The Federal Regulatory Energy Commission (FERC) can mandate transmission provider participation in a regional planning process, a federal court has held.
In a 97-page decision, a three-judge panel of the U.S. Court of Appeals for the D.C. Circuit on Aug. 15 rejected challenges to FERC Order No. 1000 and related orders.
FERC’s landmark final transmission-planning rule issued in August 2011 (and clarified in subsequent Order Nos. 1000-A and 1000-B) put into effect a number of reforms related to regional and interregional planning and development of electric transmission facilities. It essentially requires public utility transmission providers to participate in regional transmission planning processes, mandates cost allocation to beneficiaries of new transmission projects, and eliminates rights of first refusal (ROFRs) from FERC-jurisdictional tariffs and agreements.
FERC has posited that the rule will remove barriers to develop transmission facilities. But since the rule was proposed in June 2010 to amend and build on the reforms of the 1996-finalized Order. No. 888 and the 2007-finalized Order No. 890, it has faced stiff pushback from state regulatory agencies, electric transmission providers, regional transmission organizations, and electric industry trade associations. Those groups have raised a variety of issues related to the rule.
At least 45 petitioners and 16 intervenors had petitioned the D.C. Circuit to review Order No. 1000. They mostly challenged FERC’s authority to adopt reforms and contended that the final rule is “arbitrary and capricious and unsupported by substantial evidence.”
On Friday, however, the court unanimously concluded that the petitioner’s “contentions are unpersuasive.”
In its multi-part ruling, it stated that FERC has the authority under Section 206 of the Federal Power Act (FPA) to require transmission providers to participate in a regional planning process, holding that FERC reasonably concluded that transmission planning affects rates for transmission service. It also upheld FERC’s authority to require the “up front” allocation of costs for new transmission facilities among beneficiaries.
As significantly, the court deemed as “reasonable” FERC’s requirement that regions should consider public policy goals. Public policies have a direct impact on transmission usage, it noted. FERC’s decision to rely on the reciprocity condition to encourage non-public utility transmission providers to participate in a regional planning process is also sound, it concluded.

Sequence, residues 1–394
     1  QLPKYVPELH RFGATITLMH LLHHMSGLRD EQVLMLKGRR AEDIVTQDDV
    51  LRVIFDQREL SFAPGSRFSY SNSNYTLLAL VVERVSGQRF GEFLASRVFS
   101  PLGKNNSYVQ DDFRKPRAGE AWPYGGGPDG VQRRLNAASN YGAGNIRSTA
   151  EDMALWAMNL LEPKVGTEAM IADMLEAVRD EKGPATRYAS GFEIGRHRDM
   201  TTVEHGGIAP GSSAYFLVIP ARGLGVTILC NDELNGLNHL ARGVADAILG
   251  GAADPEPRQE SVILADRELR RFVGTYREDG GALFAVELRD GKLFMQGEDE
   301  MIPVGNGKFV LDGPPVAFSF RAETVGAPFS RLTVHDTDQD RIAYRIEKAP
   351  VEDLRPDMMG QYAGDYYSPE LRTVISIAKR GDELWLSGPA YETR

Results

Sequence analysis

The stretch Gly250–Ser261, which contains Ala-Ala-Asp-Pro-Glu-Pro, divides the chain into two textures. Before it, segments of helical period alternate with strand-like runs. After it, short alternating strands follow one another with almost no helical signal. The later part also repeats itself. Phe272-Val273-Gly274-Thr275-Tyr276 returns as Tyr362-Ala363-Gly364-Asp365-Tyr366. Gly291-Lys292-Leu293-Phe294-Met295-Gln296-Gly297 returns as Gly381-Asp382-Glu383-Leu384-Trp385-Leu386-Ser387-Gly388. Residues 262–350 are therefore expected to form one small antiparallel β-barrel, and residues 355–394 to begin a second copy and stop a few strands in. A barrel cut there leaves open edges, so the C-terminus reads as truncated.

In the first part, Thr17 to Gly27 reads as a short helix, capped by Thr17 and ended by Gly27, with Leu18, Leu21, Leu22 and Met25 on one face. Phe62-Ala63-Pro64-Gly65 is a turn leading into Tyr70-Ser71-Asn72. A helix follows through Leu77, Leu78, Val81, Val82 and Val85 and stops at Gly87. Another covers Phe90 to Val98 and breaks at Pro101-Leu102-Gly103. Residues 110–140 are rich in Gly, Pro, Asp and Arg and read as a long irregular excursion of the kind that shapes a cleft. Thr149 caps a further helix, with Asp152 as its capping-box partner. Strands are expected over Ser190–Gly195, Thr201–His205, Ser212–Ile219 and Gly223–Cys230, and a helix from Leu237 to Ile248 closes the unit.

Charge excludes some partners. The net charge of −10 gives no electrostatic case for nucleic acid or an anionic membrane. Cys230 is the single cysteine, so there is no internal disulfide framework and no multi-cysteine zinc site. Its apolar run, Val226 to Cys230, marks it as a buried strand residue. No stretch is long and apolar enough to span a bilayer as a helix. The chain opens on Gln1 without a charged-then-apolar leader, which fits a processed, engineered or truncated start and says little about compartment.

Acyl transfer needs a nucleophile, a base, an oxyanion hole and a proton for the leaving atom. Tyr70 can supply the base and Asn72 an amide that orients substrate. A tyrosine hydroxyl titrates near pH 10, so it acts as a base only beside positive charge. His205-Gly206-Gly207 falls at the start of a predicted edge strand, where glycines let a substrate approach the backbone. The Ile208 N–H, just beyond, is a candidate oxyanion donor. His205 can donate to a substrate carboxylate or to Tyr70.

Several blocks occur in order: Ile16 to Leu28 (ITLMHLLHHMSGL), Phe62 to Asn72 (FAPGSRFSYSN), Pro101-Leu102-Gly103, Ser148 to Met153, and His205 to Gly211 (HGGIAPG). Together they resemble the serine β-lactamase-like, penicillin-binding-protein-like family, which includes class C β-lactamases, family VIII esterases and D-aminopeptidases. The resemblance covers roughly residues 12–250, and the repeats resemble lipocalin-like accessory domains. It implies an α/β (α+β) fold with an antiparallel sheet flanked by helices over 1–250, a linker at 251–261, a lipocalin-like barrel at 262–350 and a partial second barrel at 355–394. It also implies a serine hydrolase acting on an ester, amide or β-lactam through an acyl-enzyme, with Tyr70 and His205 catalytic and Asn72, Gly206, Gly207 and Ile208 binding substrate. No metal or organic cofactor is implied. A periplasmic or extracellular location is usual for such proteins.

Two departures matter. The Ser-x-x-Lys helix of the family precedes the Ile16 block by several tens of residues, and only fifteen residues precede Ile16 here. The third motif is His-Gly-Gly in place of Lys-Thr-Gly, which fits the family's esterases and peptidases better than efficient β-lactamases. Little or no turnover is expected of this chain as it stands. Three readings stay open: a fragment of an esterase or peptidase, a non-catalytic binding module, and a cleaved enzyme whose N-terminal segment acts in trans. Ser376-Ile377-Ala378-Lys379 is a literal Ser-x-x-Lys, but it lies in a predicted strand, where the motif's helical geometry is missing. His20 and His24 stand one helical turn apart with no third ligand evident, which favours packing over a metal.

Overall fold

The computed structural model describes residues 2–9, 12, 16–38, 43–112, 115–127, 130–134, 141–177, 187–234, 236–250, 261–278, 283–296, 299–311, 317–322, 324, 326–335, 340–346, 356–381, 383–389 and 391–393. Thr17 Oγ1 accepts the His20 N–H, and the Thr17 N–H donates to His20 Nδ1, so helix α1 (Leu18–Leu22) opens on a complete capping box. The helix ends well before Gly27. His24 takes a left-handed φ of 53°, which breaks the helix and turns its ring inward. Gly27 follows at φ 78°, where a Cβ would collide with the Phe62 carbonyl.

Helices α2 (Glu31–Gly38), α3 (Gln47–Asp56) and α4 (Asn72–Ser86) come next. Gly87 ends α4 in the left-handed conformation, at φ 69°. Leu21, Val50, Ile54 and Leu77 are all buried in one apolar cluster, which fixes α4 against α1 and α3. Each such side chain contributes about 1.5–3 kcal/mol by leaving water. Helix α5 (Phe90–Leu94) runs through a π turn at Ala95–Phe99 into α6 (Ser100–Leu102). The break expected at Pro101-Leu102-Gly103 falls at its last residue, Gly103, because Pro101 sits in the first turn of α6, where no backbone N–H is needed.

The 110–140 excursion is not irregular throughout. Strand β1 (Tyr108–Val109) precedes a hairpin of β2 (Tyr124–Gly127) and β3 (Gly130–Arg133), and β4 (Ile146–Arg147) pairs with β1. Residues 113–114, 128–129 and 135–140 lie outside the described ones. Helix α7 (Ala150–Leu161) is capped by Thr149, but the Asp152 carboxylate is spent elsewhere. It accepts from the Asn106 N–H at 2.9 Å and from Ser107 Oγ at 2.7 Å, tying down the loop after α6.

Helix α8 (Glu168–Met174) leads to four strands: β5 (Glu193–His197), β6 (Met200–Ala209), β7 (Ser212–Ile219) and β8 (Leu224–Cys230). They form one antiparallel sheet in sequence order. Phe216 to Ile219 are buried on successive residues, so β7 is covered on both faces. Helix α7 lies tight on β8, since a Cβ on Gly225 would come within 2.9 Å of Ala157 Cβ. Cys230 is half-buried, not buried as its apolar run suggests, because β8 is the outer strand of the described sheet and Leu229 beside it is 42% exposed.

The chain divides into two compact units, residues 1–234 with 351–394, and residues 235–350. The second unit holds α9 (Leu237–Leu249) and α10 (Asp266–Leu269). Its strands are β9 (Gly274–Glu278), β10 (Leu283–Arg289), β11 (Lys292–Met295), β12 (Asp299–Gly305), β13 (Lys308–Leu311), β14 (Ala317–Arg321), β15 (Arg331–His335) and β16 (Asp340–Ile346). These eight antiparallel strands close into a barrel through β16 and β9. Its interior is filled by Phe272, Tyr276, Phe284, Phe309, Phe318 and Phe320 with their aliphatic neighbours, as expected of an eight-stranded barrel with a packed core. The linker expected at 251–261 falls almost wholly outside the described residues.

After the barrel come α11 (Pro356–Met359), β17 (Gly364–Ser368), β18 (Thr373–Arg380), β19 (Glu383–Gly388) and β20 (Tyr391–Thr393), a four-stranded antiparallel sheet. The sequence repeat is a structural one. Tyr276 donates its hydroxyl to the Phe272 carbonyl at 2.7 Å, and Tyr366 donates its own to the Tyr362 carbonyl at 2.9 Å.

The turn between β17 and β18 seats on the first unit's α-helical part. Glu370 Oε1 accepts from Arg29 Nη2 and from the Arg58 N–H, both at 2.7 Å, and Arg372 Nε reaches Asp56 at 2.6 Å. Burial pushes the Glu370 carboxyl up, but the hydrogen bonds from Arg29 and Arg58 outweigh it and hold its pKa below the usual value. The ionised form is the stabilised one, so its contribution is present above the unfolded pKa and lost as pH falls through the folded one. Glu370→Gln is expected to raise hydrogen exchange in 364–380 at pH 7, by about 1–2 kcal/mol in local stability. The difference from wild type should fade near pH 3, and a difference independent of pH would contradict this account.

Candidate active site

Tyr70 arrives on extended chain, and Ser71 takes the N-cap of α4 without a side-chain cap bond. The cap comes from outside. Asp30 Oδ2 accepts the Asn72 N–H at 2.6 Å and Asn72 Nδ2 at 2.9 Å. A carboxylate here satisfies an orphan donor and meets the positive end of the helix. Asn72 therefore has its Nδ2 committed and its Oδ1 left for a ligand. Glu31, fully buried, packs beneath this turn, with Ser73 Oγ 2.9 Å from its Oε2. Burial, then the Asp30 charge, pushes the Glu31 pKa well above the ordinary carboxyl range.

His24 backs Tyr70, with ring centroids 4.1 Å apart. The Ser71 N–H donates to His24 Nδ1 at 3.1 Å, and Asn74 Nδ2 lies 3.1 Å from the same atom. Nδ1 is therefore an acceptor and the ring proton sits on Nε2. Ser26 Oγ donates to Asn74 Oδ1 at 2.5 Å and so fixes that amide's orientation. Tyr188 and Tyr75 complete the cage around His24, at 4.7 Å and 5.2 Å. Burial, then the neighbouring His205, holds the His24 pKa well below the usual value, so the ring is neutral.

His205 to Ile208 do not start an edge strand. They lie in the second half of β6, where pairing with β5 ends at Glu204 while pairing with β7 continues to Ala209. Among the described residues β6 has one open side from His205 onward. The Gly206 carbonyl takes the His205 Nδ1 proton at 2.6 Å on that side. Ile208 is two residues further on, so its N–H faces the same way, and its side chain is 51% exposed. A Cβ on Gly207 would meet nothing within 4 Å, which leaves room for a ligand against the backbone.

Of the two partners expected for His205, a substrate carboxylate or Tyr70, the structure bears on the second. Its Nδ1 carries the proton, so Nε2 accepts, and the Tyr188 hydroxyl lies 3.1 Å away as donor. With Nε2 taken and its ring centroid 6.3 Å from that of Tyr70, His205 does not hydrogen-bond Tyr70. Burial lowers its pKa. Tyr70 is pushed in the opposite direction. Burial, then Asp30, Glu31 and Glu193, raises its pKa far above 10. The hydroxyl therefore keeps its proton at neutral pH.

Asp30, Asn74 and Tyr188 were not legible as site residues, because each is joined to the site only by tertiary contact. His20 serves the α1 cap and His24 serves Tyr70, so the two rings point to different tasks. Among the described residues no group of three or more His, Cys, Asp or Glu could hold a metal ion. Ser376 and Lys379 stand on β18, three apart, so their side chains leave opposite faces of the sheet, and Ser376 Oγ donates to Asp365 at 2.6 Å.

It also held that FERC’s conclusions as they relate to the inadequacy of regional planning were not speculative because they were backed by record in proceedings for Order No. 890, and in other records, including from FERC technical conferences.
FERC also reasonably concluded that ROFR provisions constitute a barrier of entry, the court held, ruling that FERC has the authority under Section 206 to mandate the removal of ROFR provisions from FERC-filed tariffs and rate schedules if the federal body determines they are unjust and unreasonable practices that affect rates.
More Legal Wrangling to Come?
The case decided on Aug. 15 is South Carolina Public Service Authority v. FERC (No. 12-1232).
According to some experts, the court’s decision on the sweeping rule isn’t the end. “The [c]ourt’s decision sets the stage for possible future appeals to the Supreme Court and additional contested proceedings at FERC as the regions continue to implement Order No. 1000’s controversial regional planning and cost allocation reforms,” project attorneys at law firm Van Ness Feldman.
For entities like the American Public Power Association (APPA), which had contended the rule’s “public power provision,” the court’s opinion rejecting all challenges to Order 1000 is disappointing. But it “comes as no real surprise” to the association, said APPA Regulatory Counsel Randy Elliott, who argued APPA’s case before the appeals court in March 2014. “Issues of transmission planning and cost allocation are technical by their nature, and courts are generally reluctant to second-guess the expert agency,” he said.
Elliot noted that the D.C. Circuit’s ruling is nonetheless significant because it holds that FPA Section 217(b)(4) “requires the [c]ommission to facilitate the planning of a reliable grid.” That will require FERC to “honor this statutory obligation as it implements Order No. 1000, and in all future cases involving transmission planning and expansion,” he said.
—Sonal Patel, associate editor (@POWERmagazine, @sonalcpatel)